FIG. 7 illustrates a schematic of another embodiment of an electronic circuit 400 enabling the extended pulse width modulation method, wherein the exception handling sub-circuit as illustrated in FIG. 5, has been eliminated. In this embodiment, when all eight most significant bits (generally N most significant bits) are set to logical high, the eight bit adder or incrementer “overflows” i.e. resets its output signals to zero. Depending on the number m encoded in the three least significant bits (generally M least significant bits) of the input control signal, this circuit sets all output signals to logical zero for a period of m predetermined changes in the sync signal (pulse cycles) and sets the output signals to logical one for a subsequent eight minus m pulse cycles (generally (2M−m) pulse cycles) provided that the input control signals do not change during the total period of eight pulse cycles (generally 2M pulse cycles). The circuit illustrated in FIG. 7 can be used for example, when it is not required to suppress such an overflow condition, or when the eight most significant bits (generally N most significant bits) of the input control signal never concurrently assume their logical high (arithmetical one) values.

In another embodiment, the extended PWM controller can be implemented in firmware as shown in FIGS. 8 to 10 for use with, for example, a Philips LPC2132microcontroller.

FIG. 8 illustrates a microcontroller main_PWM function 500 according to one embodiment of the present invention. This function specifies the function PWM_TimerISR as a PWM period timer interrupt service routine, initializes static variable offset to zero, allocates two blocks of random access memory called DataBank0 and DataBank1, wherein each block comprises N words of M bits, and marks DataBank0 as active. The function then enters a continuous loop wherein it polls an external device, such as a remote interface, for available PWM data. Alternatively, the data may also be generated within main_PWM program 500. When PWM data which comprises an N+M-bit word is available, the main_PWM program calls the UpdatePWMData function.

FIG. 9 illustrates the UpdatePWMData function 600 according to one embodiment of the present invention, wherein this function first determines which data bank is active, then selects the inactive data bank to write any subsequent data to. It then sets loop counter i to zero and sets msb as the N most significant bits and lsb as the M least significant bits of the N+M signal before performing N loops, wherein within each loop it sets the ith memory location of the selected data bank to msb+1 if i is less than lsb, else it sets the ith memory location to msb. Upon completion, it marks the active data bank as inactive and the inactive data bank as active before returning to the calling function main_PWM.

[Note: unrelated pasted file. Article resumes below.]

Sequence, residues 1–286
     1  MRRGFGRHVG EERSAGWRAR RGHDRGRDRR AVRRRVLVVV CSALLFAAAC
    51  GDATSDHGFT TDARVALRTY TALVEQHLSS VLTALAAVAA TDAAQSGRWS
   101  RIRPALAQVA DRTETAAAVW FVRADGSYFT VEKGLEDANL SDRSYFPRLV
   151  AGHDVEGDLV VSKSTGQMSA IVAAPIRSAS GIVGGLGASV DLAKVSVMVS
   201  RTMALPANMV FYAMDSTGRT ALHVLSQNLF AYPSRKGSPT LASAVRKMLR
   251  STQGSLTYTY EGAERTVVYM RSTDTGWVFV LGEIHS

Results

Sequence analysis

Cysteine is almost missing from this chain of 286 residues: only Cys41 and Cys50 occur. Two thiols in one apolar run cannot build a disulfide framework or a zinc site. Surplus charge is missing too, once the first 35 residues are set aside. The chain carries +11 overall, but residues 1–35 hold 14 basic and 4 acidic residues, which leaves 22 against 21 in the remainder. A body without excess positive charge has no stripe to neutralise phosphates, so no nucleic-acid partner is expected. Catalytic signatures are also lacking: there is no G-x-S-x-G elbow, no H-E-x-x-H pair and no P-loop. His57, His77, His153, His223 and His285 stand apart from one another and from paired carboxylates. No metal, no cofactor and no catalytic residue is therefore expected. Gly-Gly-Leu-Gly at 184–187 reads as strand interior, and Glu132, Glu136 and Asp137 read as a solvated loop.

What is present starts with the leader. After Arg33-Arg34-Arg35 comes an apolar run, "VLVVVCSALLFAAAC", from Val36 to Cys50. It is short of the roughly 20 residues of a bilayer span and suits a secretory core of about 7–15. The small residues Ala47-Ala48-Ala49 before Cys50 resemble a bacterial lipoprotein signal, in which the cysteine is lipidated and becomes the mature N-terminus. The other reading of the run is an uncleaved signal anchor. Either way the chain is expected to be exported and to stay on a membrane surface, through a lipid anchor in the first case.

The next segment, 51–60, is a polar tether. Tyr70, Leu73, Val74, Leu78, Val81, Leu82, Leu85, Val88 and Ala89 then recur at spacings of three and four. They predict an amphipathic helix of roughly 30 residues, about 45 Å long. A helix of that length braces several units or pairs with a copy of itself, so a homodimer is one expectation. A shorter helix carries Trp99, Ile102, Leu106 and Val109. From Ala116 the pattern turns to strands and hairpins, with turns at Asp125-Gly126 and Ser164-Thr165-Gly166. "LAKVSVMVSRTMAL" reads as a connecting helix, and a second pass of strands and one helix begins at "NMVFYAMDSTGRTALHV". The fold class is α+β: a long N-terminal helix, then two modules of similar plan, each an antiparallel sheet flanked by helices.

FIG. 10 illustrates the PWM period timer interrupt service routine PWM_TimerISR 700 according to one embodiment of the present invention, wherein this routine first determines which data bank is active, and then selects the active data bank to read data from. It then reads the offsetth element of the active data bank, sets the PWM period timer hardware register to this value, and increments the static variable offset. If offset is then equal to N, it is reset to zero. The timer interrupt flag is then cleared and the interrupt function PWM_TimerISR exits.

In one embodiment, the present invention can be applied to pulse code modulation (PCM) rather than PWM. Having specific regard to FIG. 2, the PWM controller 374 can be replaced with a PCM controller. A PCM based embodiment can be implemented with a firmware controlled general-purpose microcontroller, for example, a Philips LPC2132 microcontroller. This implementation is illustrated in FIGS. 11 to 13.

FIG. 11 illustrates a microcontroller main_PCM function 800 according to one embodiment of the present invention. This function specifies the function PCM_TimerISR as a periodic timer interrupt service routine, initializes static variables Count and Offset to zero, Mask to 1, and timer Delay to T (where T is typically one microsecond), allocates two blocks of random access memory called DataBank0 and DataBank1, wherein each block comprises N words of M bits, and marks DataBank0 as active. The function then enters a continuous loop wherein it polls an external device, such as a remote interface, for available PCM data. Alternatively, the data may also be generated within the main1 function (not illustrated). When PCM data comprising an N+M-bit word is available, the main1 function calls the UpdatePCMData function.

FIG. 12 illustrates the UpdatePCMData routing function 900 according to one embodiment of the present invention, wherein this function first determines which data bank is active, then selects the inactive data bank to write any subsequent data to. It then sets loop counter i to zero and sets msb as the N most significant bits and lsb as the M least significant bits of the N+M signal before performing N loops, wherein within each loop it sets the ith memory location of the selected data bank to msb+1 if i is less than lsb, else it sets the ith memory location to msb. Upon completion, it marks the active data bank as inactive and the inactive data bank as active before returning to the calling function main_1.